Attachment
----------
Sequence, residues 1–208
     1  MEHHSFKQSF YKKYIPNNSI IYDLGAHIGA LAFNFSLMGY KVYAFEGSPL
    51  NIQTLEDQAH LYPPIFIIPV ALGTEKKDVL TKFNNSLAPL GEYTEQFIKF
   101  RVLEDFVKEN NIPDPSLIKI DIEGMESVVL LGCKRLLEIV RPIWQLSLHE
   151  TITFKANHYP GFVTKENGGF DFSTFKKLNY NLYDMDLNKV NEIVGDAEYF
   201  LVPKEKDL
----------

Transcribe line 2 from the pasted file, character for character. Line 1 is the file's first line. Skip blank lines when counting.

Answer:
     1  MEHHSFKQSF YKKYIPNNSI IYDLGAHIGA LAFNFSLMGY KVYAFEGSPL